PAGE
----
This shows that $σ n ( α ) α →tan 2 π n >0$ as $α→+∞$. Thus, $ρ n (α)< σ n (α)$ for sufficiently large α.

Now, to prove Proposition 1, it is sufficient to show that $ρ n (α)> σ n (α)$ for sufficiently small α. To compare the functions $ρ n (α)$ and $σ n (α)$ for small $α>0$, we need some lemmas.

Lemma 3 For all $α>0$, it holds $ρ n ( α ) 2 <2(α+n)−1$.

Proof Suppose that $ρ n ( α ) 2 ≥2(α+n)−1$ for some $α>0$. Then

$∏ j = 0 n − 1 ( ρ n ( α ) 2 + ( α + j ) 2 ) ≥ ∏ j = 0 n − 1 ( 2 ( α + n ) − 1 + ( α + j ) 2 ) > ∏ j = 0 n − 1 ( 2 ( α + j + 1 ) − 1 + ( α + j ) 2 ) = ∏ j = 0 n − 1 ( 1 + ( α + j ) ) 2 .$

This contradiction with the definition of $ρ n (α)$ completes the proof of Lemma 3. □

Lemma 4 For all $α>0$, it holds $ρ n + 1 (α)> ρ n (α)$.

Proof According to the definition of $ρ n (α)$ by (17) and Lemma 3, we have

$∏ j = 0 n ( ρ n ( α ) 2 + ( α + j ) 2 ) = ∏ j = 0 n − 1 ( 1 + α + j ) 2 ⋅ ( ρ n ( α ) 2 + ( α + n ) 2 ) < ∏ j = 0 n − 1 ( 1 + α + j ) 2 ⋅ ( 2 ( α + n ) − 1 + ( α + n ) 2 ) < ∏ j = 0 n ( 1 + α + j ) 2 .$

In order to make the first and the last products be equal, we have to replace $ρ n (α)$ in the first one by a greater value. This means that $ρ n + 1 (α)> ρ n (α)$ and Lemma 4 is proved. □

Lemma 5 For all $α>0$, it holds $σ n + 1 (α)< σ n (α)$.

Proof According to the definition of $σ n (α)$ by (18), we have

$∑ j = 0 n arg ( σ n ( α ) i + α + j ) =2π+arg ( σ n ( α ) i + α + n ) >2π.$

In order to make the sum equal 2π, we have to replace $σ n (α)$ by a smaller value. So, $σ n + 1 (α)< σ n (α)$ and Lemma 5 is proved. □

Due to Lemmas 3, 4, 5 proved, it is sufficient now for the proof of Proposition 1 to show that $ρ 12 (α)> σ 12 (α)$ for sufficiently small $α>0$.

Lemma 6 It holds $ρ 12 (α)>2$ for all sufficiently small $α>0$.

Proof Straightforward exact calculations show that

$lim α → 0 ∏ j = 0 11 ( 2 2 + ( α + j ) 2 ) = ∏ j = 0 11 ( 4 + j 2 ) =192,175,659,520,000,000<2⋅ 10 17$

and

$lim α → 0 ∏ j = 0 11 ( 1 + α + j ) 2 = ( 12 ! ) 2 =229,442,532,802,560,000>2⋅ 10 17 .$

So, for sufficiently small $α>0$, we have

$∏ j = 0 11 ( 2 2 + ( α + j ) 2 ) <2⋅ 10 17 < ∏ j = 0 11 ( 1 + α + j ) 2 .$

Hence, for these α, in order to avoid contradiction with the definition of $ρ 12 (α)$, the inequality $ρ 12 ( α ) 2 > 2 2$ is necessary. Lemma 6 is proved. □

Lemma 7 It holds $σ 12 (α)<2$ for sufficiently small $α>0$.

Proof Consider the limit

$lim α → 0 ∑ j = 0 11 arg ( 2 i + α + j ) = arg 2 i + arctan 2 + arctan 1 + arctan 2 3 + arctan 1 2 + ∑ j = 5 11 arctan 2 j = 5 π 4 + arctan 2 3 + ∑ j = 5 11 arctan 2 j = 5 π 4 + arctan 2 3 + 2 5 1 − 2 3 ⋅ 2 5 + arctan 2 6 + 2 7 1 − 2 6 ⋅ 2 7 + arctan 2 8 + 2 9 1 − 2 8 ⋅ 2 9 + arctan 2 10 + 2 11 1 − 2 10 ⋅ 2 11 = 5 π 4 + arctan 16 11 + arctan 13 19 + arctan 1 2 + arctan 21 53 = 5 π 4 + arctan 16 11 + 13 19 1 − 16 11 ⋅ 13 19 + arctan 1 2 + 21 53 1 − 1 2 ⋅ 21 53 = 5 π 4 + arctan 447 + arctan 19 17 .$

Note that

$tan ( arctan 447 + arctan 19 17 ) = 447 + 19 17 1 − 447 ⋅ 19 17 =− 3 , 809 4 , 238 .$

Hence, $arctan447+arctan 19 17 > 3 π 4$ and $∑ j = 0 11 arg(2i+α+j)>2π$ for sufficiently small $α>0$. Thus, for these α, we have $σ 12 (α)<2$, which completes the proof of Lemma 7. □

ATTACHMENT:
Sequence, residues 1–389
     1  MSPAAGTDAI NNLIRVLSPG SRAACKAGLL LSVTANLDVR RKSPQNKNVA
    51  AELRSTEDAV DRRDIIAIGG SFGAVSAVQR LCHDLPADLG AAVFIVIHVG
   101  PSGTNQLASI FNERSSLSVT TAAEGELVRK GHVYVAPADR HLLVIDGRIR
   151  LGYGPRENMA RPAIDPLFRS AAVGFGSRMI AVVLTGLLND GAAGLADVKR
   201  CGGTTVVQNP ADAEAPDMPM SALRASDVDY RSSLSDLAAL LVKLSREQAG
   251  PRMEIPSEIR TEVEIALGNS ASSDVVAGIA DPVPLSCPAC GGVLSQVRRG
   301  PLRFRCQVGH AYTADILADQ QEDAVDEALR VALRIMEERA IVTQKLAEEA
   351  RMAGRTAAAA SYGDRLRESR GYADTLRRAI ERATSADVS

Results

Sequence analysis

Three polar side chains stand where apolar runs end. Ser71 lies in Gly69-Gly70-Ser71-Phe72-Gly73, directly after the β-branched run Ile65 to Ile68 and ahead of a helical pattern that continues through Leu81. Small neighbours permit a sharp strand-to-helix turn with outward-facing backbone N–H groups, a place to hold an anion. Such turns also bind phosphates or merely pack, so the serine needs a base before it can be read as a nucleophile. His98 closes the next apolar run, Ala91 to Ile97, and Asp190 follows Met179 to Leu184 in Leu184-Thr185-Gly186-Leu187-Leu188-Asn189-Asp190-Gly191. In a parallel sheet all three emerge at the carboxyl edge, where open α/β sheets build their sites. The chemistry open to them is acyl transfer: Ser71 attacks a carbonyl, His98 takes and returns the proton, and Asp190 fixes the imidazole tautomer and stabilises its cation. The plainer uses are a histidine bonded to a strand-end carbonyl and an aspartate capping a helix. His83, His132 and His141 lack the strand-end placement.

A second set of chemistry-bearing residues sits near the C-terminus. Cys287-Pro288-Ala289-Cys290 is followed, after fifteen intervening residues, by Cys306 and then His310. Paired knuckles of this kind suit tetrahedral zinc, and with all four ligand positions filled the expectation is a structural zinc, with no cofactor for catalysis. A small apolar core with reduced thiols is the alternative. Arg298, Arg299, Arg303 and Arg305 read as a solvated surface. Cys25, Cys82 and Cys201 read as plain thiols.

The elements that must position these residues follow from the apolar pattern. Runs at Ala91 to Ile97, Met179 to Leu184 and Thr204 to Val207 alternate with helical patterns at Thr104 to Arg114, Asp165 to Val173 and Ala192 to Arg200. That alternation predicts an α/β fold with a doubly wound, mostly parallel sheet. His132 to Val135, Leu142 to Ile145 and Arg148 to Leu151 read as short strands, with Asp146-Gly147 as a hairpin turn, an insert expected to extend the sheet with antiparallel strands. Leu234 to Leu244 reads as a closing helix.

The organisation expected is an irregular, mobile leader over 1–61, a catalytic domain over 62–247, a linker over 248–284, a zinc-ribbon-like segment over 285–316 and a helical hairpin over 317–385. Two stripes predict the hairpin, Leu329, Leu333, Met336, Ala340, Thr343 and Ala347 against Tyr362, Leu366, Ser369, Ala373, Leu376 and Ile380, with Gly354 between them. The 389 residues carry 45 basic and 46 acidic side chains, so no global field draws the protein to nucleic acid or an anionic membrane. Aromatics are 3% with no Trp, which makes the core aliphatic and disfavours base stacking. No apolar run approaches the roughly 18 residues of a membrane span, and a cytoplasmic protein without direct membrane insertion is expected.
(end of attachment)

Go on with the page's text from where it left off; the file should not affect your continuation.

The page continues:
Now Proposition 1 is also proved.  □

Proposition 2 For any $α>0$ and any integer $n>1$, all roots $λ∈C$ to equation (14) are simple.

Proof Since we consider a polynomial equation of degree n, it is sufficient to prove the existence of n different roots to (14). We will show that for any integer m such that $−n, there exists $μ m ∈C$ satisfying

$∏ j = 0 n − 1 | μ m +j|= ∏ j = 0 n − 1 (1+α+j)$
(19)

and

$∑ j = 0 n − 1 arg( μ m +j)=mπ$
(20)

with argz denoting the principal value of the argument lying in the open-closed interval $(−π,π]$. Surely, all these 2n complex numbers $μ m$ are different. Those with even m generate, via the relation $λ m +α= μ m$, just n different roots $λ m$ to (14).

We begin to accomplish this plan by noting that the set of μ satisfying equation (20) with $m=0$ is the real semi-axis $(0,+∞)$ containing a single point satisfying (19), namely $μ 0 =1+α$.

Similarly, the set of μ satisfying equation (20) with $m=n$ is the real unbounded interval $(−∞,1−n)$ containing a single point satisfying (19), namely $μ n =α−n$.

Now consider the cases $0 and the upper complex half-plane. For any $ω>0$, the smooth function

$ϕ ω (r)= ∑ j = 0 n − 1 arg(r+ωi+j)= ∑ j = 0 n − 1 arccot r + j ω$

monotonically decreases from to 0 as r increases from −∞ to +∞. So, for any $ω>0$ and $b∈(0,nπ)$, there exists a unique value r such that $ϕ ω (r)=b$. Due to the inequality $d ϕ ω d r (r)<0$, the implicit function theorem provides the existence of the smooth functions $r m (ω)$ satisfying $ϕ ω ( r m (ω))=mπ$.

Note that if $r≤−m$, then $r+j<0$ for all $j and $r+m≤0$. Hence,

$lim _ ω → + 0 ∑ j = 0 n − 1 arccot r + j ω ≥ lim _ ω → + 0 ∑ j = 0 m − 1 arccot r + j ω + lim _ ω → + 0 arccot 0 ω =mπ+ π 2 >mπ$

and such r cannot be the value of $r m (ω)$ for sufficiently small $ω>0$.

Similarly, if $r≥1−m$, then $r+j>0$ for all $j>m−1$ and $r+m−1≥0$. Hence,

$lim ‾ ω → + 0 ∑ j = 0 n − 1 arccot r + j ω ≤ lim ‾ ω → + 0 ∑ j = 0 m − 2 arccot r + j ω + π 2 + lim ‾ ω → + 0 ∑ j = m n − 1 arccot r + j ω ≤ ( m − 1 ) π + π 2 + 0 < m π$

and such r cannot be the value of $r m (ω)$ for sufficiently small $ω>0$.

So, if $ω>0$ is sufficiently small, then $r m (ω)$ satisfies the inequality $−m< r m (ω)<1−m$ and thereby is negative.